But a friend should be a friend whether they're willing to suffer your work or not.

And if you have a friend/reader who reads everything but their feedback never makes sense and just confuses you, it may be time to look for more readers (and Ma's got enough to do anyway, right?) and whatever else, don't tell that person. Not everyone gets everyone and they did you a favor simply by reading your work, even if it went over their head or under their radar.

If you find people like that who DO get you, DO help you improve and support your work with enthusiasm and balanced criticism, do more than appreciate them, worship the ground they walk on (and help them move, if they need) because you've found an important part of your audience and a writer who doesn't know his or her audience is a writer lost in the wilderness.

And that's what these first few readers do for you, the writer, they help you find your way in the most efficient manner possible to YOUR audience, to the audience who will love and appreciate the work you've taken time to craft. They're your guides, so listen to them, even when you disagree or it stings, and find those guides that best help you. And don't forget to return the favor. When you find folks like these, you do more than buy them a cup of coffee. You help them move if they need it, whether there's a keg involved or not. And you thank them in the program notes.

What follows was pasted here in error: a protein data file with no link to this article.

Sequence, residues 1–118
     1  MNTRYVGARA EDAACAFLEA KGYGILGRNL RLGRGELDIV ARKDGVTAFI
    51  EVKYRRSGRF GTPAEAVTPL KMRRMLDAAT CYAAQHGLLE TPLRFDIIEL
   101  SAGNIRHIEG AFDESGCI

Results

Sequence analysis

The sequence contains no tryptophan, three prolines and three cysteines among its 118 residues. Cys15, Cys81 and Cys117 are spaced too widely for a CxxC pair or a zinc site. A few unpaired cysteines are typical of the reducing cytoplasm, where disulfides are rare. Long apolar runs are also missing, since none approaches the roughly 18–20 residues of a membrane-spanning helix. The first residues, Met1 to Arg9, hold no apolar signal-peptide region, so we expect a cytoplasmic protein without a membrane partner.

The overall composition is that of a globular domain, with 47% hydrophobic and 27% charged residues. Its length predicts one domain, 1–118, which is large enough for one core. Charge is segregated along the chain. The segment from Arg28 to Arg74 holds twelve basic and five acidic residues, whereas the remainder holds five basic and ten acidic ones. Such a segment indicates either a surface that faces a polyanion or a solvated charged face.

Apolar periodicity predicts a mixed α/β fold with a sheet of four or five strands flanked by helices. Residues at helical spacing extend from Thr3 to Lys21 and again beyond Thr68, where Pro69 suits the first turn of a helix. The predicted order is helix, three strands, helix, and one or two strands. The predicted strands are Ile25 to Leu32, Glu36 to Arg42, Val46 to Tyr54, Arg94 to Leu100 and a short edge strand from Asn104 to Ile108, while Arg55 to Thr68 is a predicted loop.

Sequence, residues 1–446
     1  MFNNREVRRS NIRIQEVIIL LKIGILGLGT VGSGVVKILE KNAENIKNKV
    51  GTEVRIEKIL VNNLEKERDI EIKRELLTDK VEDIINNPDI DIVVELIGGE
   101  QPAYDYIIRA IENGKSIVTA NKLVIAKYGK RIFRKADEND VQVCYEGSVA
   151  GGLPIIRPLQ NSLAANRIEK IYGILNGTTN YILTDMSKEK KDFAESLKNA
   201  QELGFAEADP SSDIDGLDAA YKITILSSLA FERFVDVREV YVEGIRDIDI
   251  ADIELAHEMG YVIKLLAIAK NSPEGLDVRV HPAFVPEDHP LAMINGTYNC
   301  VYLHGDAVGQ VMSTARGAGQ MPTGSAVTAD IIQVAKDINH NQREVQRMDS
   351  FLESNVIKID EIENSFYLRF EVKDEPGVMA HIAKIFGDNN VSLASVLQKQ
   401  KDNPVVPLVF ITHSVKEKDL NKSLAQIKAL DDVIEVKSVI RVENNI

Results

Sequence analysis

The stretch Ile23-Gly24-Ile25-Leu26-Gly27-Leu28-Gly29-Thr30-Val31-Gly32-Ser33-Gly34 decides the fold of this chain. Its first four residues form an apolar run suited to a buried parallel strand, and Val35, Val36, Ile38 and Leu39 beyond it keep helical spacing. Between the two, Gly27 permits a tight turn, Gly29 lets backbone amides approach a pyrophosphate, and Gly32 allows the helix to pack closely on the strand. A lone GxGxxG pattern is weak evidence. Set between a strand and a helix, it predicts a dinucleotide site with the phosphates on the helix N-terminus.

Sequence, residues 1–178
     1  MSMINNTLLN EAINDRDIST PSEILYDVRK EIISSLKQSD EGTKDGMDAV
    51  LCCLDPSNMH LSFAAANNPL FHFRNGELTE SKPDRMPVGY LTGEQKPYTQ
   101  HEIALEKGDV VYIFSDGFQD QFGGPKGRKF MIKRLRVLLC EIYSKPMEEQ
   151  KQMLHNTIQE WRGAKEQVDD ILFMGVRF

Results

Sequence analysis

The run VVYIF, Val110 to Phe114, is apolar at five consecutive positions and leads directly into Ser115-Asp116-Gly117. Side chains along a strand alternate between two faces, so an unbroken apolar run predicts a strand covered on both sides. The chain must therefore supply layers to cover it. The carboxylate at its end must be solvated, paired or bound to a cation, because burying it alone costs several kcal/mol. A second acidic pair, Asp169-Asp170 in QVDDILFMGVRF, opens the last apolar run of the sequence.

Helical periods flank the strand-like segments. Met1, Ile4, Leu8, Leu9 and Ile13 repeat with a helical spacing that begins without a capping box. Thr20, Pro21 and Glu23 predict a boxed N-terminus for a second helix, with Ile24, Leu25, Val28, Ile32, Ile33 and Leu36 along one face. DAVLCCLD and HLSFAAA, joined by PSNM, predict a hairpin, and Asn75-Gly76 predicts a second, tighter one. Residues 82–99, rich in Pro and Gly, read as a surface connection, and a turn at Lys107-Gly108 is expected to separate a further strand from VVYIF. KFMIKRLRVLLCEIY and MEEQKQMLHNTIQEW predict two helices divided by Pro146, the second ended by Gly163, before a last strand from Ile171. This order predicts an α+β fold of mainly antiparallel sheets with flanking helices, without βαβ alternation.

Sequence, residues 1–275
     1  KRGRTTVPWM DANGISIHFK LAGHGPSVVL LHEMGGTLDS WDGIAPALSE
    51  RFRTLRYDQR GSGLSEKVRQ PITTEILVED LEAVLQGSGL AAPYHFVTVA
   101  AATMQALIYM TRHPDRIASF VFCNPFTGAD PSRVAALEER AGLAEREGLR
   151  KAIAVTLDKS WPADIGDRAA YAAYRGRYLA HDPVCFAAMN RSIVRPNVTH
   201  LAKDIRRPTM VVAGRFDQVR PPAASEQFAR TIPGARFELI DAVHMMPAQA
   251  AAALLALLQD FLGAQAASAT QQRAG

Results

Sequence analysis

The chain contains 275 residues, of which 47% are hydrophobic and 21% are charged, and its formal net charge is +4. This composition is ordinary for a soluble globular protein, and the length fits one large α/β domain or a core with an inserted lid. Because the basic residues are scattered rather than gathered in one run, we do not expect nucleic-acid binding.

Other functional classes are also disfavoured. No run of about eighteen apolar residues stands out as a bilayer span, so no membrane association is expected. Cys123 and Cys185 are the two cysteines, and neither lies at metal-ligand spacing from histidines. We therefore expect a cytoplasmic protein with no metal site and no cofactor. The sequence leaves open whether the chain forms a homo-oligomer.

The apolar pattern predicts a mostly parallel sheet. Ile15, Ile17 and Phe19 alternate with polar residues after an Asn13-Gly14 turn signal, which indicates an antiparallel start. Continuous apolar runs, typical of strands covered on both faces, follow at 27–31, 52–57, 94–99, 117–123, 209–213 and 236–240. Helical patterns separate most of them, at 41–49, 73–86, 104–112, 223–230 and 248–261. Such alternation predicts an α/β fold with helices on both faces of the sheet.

Appreciate the folk who take the time to help you out. Just remember, no one owes you anything.

There are exceptions, obviously, your agent should read anything you give to them (and if they're not reading it, that says something else entirely) if you have a deadline and need something proofed by a certain day, kindly let your reader friends know and check in right before that time. But never, ever lash out if at the last second life steps in and they are unable to help you out by reading something new. At the end of the day, it's your house and up to you to make it move, with or without your friends and readers.

Anyone that shows up, even if they drop a lamp or break the recliner, they're your first readers who are doing you a favor by showing up and helping with the heavy lifting, so appreciate them for it.